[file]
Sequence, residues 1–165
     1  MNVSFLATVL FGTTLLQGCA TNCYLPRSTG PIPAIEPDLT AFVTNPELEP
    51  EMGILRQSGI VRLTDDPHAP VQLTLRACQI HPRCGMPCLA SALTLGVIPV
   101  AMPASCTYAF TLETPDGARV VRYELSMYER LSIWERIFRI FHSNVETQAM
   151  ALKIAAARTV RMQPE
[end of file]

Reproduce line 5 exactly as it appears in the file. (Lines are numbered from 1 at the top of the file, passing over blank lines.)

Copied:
   151  ALKIAAARTV RMQPE